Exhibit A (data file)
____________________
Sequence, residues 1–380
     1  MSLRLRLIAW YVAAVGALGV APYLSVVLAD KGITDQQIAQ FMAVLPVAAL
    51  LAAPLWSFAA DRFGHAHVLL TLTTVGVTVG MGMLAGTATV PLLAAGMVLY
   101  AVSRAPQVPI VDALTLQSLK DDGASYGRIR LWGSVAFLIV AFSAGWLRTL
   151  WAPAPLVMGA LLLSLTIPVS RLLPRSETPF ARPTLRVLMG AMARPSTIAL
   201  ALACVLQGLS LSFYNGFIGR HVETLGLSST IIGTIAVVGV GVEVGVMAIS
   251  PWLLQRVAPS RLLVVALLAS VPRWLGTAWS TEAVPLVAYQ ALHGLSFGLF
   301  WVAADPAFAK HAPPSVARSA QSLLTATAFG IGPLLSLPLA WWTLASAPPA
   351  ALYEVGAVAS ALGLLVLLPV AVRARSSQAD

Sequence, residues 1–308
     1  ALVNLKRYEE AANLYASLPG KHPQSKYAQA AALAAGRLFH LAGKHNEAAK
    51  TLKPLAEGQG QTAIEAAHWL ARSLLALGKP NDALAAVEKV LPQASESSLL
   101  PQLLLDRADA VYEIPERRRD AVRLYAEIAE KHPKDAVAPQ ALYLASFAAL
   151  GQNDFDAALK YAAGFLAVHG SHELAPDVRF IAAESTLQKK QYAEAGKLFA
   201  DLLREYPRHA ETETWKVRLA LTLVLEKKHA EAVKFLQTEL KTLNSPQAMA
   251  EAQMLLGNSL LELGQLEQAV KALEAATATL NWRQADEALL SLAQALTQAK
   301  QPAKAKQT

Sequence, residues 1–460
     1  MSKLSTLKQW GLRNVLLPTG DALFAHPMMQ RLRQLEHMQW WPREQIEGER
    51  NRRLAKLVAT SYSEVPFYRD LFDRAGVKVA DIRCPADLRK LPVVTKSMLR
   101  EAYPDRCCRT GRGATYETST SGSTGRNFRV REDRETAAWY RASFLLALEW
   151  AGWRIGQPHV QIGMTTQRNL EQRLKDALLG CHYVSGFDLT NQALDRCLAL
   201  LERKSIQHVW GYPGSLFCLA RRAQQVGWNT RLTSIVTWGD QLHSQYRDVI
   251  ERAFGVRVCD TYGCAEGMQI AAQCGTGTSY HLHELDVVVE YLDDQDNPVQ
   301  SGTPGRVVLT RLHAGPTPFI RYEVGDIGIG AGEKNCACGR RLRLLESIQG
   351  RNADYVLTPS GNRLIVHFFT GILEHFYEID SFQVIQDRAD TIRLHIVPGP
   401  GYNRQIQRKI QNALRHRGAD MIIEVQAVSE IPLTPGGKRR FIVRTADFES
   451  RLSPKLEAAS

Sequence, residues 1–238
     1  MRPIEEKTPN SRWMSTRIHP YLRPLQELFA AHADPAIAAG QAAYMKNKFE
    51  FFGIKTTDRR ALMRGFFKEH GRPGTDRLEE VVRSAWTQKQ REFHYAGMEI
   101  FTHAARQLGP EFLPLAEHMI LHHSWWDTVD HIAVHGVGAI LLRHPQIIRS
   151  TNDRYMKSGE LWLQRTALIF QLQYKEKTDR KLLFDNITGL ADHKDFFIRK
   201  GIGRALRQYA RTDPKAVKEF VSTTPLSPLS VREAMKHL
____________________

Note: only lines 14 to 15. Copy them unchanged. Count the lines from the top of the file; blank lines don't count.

   151  GQNDFDAALK YAAGFLAVHG SHELAPDVRF IAAESTLQKK QYAEAGKLFA
   201  DLLREYPRHA ETETWKVRLA LTLVLEKKHA EAVKFLQTEL KTLNSPQAMA